Strategist Bain is leaving Legg Mason

The Baltimore Sun

Peter L. Bain, a senior executive vice president in charge of affiliate management and corporate strategy at Legg Mason Inc., is leaving at the end of the month, the Baltimore money manager said yesterday.

Bain, who joined the company in 2000, was not available to comment. He is leaving to pursue personal interests, a spokeswoman said.

"We thank him for his nine years of dedicated service to the firm," Legg said in a statement.

Bain, 50, was part of Chairman and Chief Executive Officer Mark R. Fetting's executive leadership team. His responsibilities will be distributed among the members of that group, the company said.

Bain was among a few names mentioned as possible successors for Legg founder Raymond A. "Chip" Mason during a long process to find a new chief executive. Fetting, who headed the division that included mutual funds, was named CEO in January 2008.

Fetting filled out his executive leadership in the fall with several key hires, including David R. Odenath as head of the firm's mutual funds and retail managed-account businesses and Joseph A. Sullivan as chief administrative officer. The rest include Ron Dewhurst, who heads international assets management, and Charles J. Daley Jr., chief financial officer.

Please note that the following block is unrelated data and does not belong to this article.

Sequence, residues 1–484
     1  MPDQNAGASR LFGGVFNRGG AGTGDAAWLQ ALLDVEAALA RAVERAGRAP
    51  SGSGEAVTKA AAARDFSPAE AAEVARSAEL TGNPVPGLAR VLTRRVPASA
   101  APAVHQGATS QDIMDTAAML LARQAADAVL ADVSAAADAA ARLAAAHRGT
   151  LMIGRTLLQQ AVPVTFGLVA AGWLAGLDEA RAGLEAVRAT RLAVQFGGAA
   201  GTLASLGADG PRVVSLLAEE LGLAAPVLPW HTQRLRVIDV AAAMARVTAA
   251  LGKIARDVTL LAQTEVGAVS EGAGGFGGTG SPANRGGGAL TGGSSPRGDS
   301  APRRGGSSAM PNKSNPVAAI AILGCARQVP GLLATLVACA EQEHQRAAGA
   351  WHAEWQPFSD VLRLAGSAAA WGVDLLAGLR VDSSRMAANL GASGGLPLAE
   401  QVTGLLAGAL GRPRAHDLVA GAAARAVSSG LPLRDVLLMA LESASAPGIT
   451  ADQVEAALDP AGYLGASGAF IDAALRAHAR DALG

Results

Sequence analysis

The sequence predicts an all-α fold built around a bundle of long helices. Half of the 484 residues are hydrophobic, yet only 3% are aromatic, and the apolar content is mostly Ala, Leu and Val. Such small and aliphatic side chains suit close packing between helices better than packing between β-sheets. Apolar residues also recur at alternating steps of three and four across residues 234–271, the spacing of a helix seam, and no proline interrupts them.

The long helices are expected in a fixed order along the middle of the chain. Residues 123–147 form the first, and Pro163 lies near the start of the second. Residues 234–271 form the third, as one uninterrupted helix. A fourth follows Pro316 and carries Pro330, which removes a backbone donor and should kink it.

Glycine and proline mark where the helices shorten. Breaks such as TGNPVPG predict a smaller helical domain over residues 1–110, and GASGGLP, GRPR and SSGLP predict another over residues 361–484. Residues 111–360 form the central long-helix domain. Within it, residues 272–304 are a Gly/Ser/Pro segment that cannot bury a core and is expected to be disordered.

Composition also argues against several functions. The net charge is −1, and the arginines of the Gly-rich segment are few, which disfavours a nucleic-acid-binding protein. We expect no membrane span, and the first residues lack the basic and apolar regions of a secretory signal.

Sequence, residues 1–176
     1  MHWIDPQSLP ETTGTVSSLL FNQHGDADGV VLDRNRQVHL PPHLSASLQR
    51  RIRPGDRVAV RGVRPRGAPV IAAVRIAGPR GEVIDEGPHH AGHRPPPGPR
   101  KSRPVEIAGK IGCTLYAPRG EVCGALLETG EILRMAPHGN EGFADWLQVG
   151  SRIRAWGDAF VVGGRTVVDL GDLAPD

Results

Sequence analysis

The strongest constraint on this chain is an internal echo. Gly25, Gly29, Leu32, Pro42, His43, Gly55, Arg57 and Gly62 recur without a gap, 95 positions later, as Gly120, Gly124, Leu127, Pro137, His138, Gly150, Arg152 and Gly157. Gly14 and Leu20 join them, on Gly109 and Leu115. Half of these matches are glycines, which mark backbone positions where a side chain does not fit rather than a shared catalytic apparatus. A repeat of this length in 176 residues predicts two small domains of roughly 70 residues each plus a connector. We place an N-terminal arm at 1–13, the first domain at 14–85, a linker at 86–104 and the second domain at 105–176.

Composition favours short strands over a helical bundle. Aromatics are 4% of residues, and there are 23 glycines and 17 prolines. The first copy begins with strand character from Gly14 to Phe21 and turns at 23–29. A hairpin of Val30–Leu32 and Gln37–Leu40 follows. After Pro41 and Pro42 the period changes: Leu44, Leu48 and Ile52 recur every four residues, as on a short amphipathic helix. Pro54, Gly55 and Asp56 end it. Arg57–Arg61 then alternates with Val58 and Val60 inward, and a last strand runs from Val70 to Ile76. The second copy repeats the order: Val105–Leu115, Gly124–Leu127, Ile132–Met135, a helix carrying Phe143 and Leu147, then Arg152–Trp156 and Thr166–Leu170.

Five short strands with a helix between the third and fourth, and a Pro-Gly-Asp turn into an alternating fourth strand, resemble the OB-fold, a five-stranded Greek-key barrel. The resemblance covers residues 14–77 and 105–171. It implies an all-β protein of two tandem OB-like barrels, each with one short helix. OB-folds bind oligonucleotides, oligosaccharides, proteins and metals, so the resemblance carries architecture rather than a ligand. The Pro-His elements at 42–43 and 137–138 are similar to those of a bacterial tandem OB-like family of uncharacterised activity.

Legg executives are working to turn around the company's lackluster performance, including those of its key mutual funds. It recently wiped out the last of the toxic securities from its money market funds that had weighed down its profits during the past four quarters.

Fetting said improving the performance of its struggling mutual funds is Legg's priority.

Legg's assets under management fell 30 percent to $665 million at the end of January, from $950.1 million on March 31, 2008.

Shares of Legg rose $1.21, or more than 9 percent, to close at $14.10 yesterday.

Yesterday's article about an executive leaving Legg Mason Inc. incorrectly stated the money manager's assets under management. It was $665 billion at the end of January, from $950.1 billion on March 31, 2008.The Baltimore Sun regrets the error.
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